What if SONY reconfigured the camera divisions
So, yeah, what if SONY spun off an Advanced Camera Division (for the seasoned Minolta/Adv. SONY DSLR camera wielders) and were to marry up the low-end offerings into a P&S/Intro-DSLR Division? I mean these two divisions could share all the lenses, but then you would not have to deal with all the pricing silliness and utter confusion that the "intro" cameras keep bringing to the party.
The P&S and lower-echelon DSLR users could:
1. swap their EVIL and LiveView war tales
2. continue to argue about cheapness and their refusal to pony up the serious bucks, (thinking you can get something for nothing)
3. get a lot closer to one another, learning the ways of "photon recovery" and finally
4. buy the "new SONY releases" every six months, as the camera shows permit.
while the "advanced" users could really concentrate of imaging particulars and methodologies to perfect digital imaging with one or two high-end cameras that may have to last for at least two or more years.
Hey, it is just an idea ... to create serious elitism, put some distance between the APS-C and Full Frame crowd ... and hopefully create some of that "old time" Minolta-religion and missing enthusiasm for the power product.
I mean, not every "veteran" photographer is interested in a discussing the intricacies and value of a "kit lens." As I think Peter Pan once said, "Sorry, you have to grow up, sometime."
Last edited by DonSchap; 01-05-2010 at 11:20 PM.
- BFA, Digital Photography
A Photographer Is Forever
Look, I did not create the optical laws of the Universe ... I simply learned to deal with them.
Remember: It is usually the GLASS, not the camera (except for moving to Full Frame), that gives you the most improvement in your photography.
Since when did "elitism" become a good thing.
You could start another group for "Sony FF" but then we'd have to ban you from this forum.
I think there is a reasonable possibility of that happening, but they would take the low end DSLR sales with them.
Originally Posted by DonSchap
I wonder how well Sony's DSLR business is doing, and if it is long for this world. Many thought we would see one SLR maker go away in 2009, but the most likely seemed to be Pentax.
Also the EVIL segment cannot be ignored. Samsung has the new one, and Sony seems like the company best equipped out of Nikon, Canon, Sony. It seems to be something that electronics companies latch onto (Panasonic, Samsung) more than optical companies (Olympus, Hoya, Nikon, Canon). I think you want the EVIL cameras in the high end group, right now that is who they are going to sell to. Many, many of the EP-1 and GF-1 cameras sold so far have not been to point and shoot consumers, but instead to pros and advanced amateurs who want 80% of DSLR capability and flexibility in a package not much larger than a compact. Michael Johnson of Luminous Landscape and The Online Photographer has one of the most resonated voices in the cult of photography, and he has been talking about his Decisive Moment Digital for a long time. Sony seems poised to offer a good solution.
It would be interesting if Sony could just spin off the whole thing. If they could get away with it, even call it Minolta. I just don't think that this big, unpopular, highly marketed electronics company can ever have the cult following that Minolta used to enjoy. I think we see that with Canon vs. Nikon now. Canon has it's fanboys, but it isn't a cult like Pentax and Nikon have, and Minolta used to. And I think that is because the type of people with a mindset to religiously follow a company don't trust big companies.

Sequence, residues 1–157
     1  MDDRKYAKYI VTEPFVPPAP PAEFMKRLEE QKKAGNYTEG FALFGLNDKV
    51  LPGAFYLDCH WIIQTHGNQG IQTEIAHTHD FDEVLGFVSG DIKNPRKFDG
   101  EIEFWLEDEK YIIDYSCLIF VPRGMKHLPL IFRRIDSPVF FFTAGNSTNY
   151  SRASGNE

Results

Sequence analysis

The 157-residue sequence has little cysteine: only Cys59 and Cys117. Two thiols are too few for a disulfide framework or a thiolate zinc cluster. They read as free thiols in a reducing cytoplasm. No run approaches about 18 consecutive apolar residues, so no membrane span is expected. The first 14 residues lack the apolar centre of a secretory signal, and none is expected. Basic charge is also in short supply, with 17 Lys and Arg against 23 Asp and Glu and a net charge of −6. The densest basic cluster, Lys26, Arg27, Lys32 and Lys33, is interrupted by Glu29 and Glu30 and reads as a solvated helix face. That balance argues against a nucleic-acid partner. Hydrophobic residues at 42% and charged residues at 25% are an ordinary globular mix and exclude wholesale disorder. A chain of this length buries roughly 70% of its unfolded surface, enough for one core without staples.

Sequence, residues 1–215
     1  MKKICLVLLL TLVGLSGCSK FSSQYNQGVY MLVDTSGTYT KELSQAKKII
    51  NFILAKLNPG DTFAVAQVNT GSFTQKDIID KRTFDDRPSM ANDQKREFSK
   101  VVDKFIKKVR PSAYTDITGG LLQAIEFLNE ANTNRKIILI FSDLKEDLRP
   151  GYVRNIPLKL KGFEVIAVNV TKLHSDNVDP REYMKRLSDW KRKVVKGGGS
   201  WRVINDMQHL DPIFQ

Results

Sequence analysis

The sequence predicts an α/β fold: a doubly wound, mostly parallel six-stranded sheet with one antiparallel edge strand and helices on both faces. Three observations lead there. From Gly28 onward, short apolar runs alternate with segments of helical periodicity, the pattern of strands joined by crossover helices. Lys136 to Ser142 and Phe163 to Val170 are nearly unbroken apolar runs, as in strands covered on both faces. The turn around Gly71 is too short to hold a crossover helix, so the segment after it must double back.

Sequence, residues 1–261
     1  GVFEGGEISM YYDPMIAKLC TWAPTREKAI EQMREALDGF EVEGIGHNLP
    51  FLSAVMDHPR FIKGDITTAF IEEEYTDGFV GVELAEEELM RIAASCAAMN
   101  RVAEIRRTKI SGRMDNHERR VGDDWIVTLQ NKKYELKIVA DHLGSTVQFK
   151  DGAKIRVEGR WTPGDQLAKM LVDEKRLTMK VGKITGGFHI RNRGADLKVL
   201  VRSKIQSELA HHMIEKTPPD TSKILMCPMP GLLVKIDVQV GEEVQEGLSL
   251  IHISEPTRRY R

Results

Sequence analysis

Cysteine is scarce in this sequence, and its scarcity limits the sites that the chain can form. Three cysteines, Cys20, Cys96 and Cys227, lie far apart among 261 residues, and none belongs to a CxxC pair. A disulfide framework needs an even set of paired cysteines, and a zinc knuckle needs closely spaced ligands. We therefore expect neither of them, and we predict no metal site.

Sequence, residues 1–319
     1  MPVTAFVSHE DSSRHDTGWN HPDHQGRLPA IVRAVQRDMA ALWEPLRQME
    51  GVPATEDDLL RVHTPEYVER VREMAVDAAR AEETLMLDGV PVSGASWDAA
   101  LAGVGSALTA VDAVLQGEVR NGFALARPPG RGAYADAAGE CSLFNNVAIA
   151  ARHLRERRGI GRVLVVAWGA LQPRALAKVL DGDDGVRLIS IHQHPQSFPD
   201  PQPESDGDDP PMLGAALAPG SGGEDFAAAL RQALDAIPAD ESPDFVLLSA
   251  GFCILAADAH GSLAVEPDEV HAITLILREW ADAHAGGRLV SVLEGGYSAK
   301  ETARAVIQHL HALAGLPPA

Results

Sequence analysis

I also think Sony's drive to bring point and shoot users to SLRs is driving away some of the high end crowd. The A900/A850 and Zeiss glass seems like a very serious pro offering, but Sony's lineup is pretty void between that and the very low end entry market. That was part of the reason I left Sony was it felt like while there was an upper tier, there wasn't much of a mid tier on the way. The way things have been handled kinda makes me wonder if they will soon abandon even the upper level stuff to entirely concentrate on having interchangeable lens point and shoots.
EOS 5D - Canon EF 24-85mm f/3.5-4.5 USM, EF 35 f/2, EF 50mm f/1.8 Mk II, EF 70-210 f/3.5-4.5 USM, EF 85mm f/1.8 USM, EF 100mm f/2.8 Macro, Helios 44-2 58mm f/2 (with EOS adapter), 430EX, Canon S90
Nikon FE - Nikkor 35mm f/2 AI'd, Nikkor 50mm f/1.8 AI, Nikkor 105mm f/2.5 AI, F to EF adapter, 2xVivitar 285, other lighting stuff
Mamiya C220 - 80mm f/2.8
Gear List flickr
I don't think so, Jason, Sony have a huge investment in their Brand and your average consumer never heard of Minolta.
How long? I think Sony are in it for the long haul. Sometimes we forget that the A100 was only launched in 2006, how far have we come since then. It's ridiculous to expect Sony to have been able to satisfy everyone with a fully fledged system in that time frame, but that's what some Pundits are, in effect, beefing about. What they have done since the dramatic withdrawal of Konica is nothing short of amazing, well pretty good anyway. What will they do in the next four years?
EVIL, no I don't see it in the high end yet. I think it's the future for interchangeable lens cameras but I don't think the EVF is good enough yet and neither is the AF. The benefits for the Manufacturer (much easier and cheaper to produce) and for the end user (no mirror clack, full time MLU, unlimited focus points, really small lenses) are easy to comprehend but they will perfect it at the lower end first. I can't see them preserving the A-Mount either, bad for legacy Minolta owners. Maybe tomorrow will prove me wrong!
If Sony are driving away some of the high end crowd, they are probably in the minority. The fact that Sony is working hard to increase DSLR take up at the bottom end is a good sign and can only benefit the mid/high end with more potential upgraders and a bigger o/all market.